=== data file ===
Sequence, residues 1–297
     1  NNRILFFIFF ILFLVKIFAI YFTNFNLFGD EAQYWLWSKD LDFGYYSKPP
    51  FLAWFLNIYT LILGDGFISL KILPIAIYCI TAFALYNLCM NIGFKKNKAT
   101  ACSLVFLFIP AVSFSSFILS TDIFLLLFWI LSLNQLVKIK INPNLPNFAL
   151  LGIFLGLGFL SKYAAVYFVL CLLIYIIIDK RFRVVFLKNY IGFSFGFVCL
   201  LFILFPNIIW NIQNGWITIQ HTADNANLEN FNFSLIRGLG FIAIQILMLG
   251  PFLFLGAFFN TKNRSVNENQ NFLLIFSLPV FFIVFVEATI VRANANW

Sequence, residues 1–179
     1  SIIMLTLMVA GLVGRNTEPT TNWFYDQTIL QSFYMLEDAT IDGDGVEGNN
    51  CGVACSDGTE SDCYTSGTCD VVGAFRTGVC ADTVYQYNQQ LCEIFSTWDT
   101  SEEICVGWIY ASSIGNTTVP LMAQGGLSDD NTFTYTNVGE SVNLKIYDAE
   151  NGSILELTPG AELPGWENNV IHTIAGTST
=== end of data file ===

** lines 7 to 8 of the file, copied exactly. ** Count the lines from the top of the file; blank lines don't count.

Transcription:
   251  PFLFLGAFFN TKNRSVNENQ NFLLIFSLPV FFIVFVEATI VRANANW

Sequence, residues 1–179